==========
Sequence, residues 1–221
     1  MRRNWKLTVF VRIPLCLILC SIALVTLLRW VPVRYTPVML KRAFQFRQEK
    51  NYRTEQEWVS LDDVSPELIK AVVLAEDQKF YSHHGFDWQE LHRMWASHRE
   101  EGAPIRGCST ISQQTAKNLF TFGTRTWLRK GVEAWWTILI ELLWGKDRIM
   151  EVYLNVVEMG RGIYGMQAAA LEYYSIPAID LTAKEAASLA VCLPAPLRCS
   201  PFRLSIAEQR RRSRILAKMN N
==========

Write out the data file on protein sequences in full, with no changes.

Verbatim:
Sequence, residues 1–221
     1  MRRNWKLTVF VRIPLCLILC SIALVTLLRW VPVRYTPVML KRAFQFRQEK
    51  NYRTEQEWVS LDDVSPELIK AVVLAEDQKF YSHHGFDWQE LHRMWASHRE
   101  EGAPIRGCST ISQQTAKNLF TFGTRTWLRK GVEAWWTILI ELLWGKDRIM
   151  EVYLNVVEMG RGIYGMQAAA LEYYSIPAID LTAKEAASLA VCLPAPLRCS
   201  PFRLSIAEQR RRSRILAKMN N